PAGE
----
UNICEF Executive Director provides expertise to UN Economic and Social Council panel
By Elizabeth Kiem
NEW YORK, USA, 11 July 2008 – The triple punch of rising food and energy prices, climate change and lagging investment in agriculture is posing fresh challenges for international development programs and requires the United Nations to enhance cooperation worldwide, UN agency heads agreed at a panel in New York today.
The panel opened the 2008 operational activities session of the UN Social and Economic Council, also known as ECOSOC. It featured the expertise of UNICEF Executive Director Ann M. Veneman, along with the heads of the World Food Program, the United Nations Development Program (UNDP) and the United Nations Population Fund (UNFPA).
Collaboration among UN agencies, local governments and the public and private sectors has helped bring mortality rates for children under five to record lows. It has also made inroads against polio, measles and malaria, Ms. Veneman noted in her opening remarks. But the current crisis in food stability means “we must approach our work with a collective sense of urgency,” she added.
The progress outlined by Ms. Veneman in the sphere of child survival was applauded by others on the panel.
“I wish I could report as much progress … as is being made on MDG 4 [reducing child mortality],” said UNFPA Executive Director Thoraya Obaid. “But we are not on track towards achieving MDG 5 [improving maternal health].” Ms. Obaid noted that reproductive health indicators remain troubling, with maternal mortality rates showing “the greatest gap between rich and poor countries and between the rich and poor in the same countries.”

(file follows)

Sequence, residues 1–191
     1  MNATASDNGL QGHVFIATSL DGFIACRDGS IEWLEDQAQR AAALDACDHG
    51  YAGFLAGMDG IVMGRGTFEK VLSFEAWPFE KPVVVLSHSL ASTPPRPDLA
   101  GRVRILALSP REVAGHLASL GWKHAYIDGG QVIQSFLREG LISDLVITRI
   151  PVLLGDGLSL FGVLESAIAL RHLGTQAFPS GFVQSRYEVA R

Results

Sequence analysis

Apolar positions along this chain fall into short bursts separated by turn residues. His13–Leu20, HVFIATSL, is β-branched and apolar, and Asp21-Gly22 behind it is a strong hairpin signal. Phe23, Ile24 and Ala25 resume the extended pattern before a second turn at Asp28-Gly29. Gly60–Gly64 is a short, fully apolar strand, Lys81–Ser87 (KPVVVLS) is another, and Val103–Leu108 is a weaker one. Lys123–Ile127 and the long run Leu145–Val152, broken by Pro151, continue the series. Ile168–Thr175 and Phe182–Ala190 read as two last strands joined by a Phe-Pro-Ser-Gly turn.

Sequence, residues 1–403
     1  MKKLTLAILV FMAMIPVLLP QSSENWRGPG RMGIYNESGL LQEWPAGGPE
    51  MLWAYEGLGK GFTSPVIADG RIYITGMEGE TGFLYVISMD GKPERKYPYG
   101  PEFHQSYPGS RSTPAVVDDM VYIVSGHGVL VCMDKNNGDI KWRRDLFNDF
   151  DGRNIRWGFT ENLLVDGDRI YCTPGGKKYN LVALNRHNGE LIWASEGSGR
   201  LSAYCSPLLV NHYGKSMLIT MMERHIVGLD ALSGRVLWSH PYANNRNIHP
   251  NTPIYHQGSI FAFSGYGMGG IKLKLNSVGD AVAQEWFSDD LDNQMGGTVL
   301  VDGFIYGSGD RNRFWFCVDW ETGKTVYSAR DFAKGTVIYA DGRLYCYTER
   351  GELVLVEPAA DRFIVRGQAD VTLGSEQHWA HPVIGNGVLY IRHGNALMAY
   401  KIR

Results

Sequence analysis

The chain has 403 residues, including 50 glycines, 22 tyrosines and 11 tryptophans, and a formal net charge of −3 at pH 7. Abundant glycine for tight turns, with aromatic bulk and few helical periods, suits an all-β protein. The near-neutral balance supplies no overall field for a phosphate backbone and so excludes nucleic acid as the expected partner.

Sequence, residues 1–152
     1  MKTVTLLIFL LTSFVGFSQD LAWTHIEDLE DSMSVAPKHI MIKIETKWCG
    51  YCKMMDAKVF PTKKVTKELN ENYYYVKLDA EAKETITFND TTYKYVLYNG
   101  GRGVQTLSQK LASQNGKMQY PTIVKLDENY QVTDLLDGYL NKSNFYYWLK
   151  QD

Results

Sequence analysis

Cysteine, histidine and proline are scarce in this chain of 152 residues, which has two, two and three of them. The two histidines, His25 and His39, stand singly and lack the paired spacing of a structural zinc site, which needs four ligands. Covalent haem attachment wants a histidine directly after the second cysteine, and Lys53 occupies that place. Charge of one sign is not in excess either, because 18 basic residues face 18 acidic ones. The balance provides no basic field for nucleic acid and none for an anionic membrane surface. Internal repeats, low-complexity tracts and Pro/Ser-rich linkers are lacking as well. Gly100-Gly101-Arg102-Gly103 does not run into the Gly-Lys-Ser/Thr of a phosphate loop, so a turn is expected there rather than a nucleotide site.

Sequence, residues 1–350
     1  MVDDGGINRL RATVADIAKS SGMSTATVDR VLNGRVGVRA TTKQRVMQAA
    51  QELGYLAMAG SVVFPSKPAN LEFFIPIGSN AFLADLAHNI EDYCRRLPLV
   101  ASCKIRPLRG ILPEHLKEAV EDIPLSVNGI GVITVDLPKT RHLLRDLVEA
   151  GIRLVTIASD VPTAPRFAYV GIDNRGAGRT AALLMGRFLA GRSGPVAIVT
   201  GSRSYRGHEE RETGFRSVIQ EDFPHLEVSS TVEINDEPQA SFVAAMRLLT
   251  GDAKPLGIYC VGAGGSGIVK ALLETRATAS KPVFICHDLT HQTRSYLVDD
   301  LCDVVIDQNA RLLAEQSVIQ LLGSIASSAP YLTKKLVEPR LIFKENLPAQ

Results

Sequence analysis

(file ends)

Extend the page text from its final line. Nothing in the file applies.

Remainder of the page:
Ms. Veneman and other panellists stressed that achieving the Millennium Development Goals require a holistic approach, as each of the targets is linked to the others.
“The health of a child is inextricably linked to the health of the mother,” said Ms. Veneman.
Action during crisis
Discussion of the current food and energy crisis dominated the three-hour panel. UNDP Administrator Kemal Dervis spoke of “environmental and energy challenges … more serious” than those seen in decades.
The impact of rising food prices alone, according to Mr. Dervis, will reduce100 million more people to extreme poverty in the next two years. “This is the other side of the coin of globalisation and rapid growth,” he said.
To address the escalation of food insecurity, UNICEF remains a leading procurer or ready-to-use therapeutic foods, which have proven to be a highly successful resource in combating severe acute malnutrition in children. In addition to buying more therapeutic foods, UNICEF is working to increase the number and quality of local health centres worldwide to distribute them.
The operational activities segment of ECOSOC will continue its discussions next week.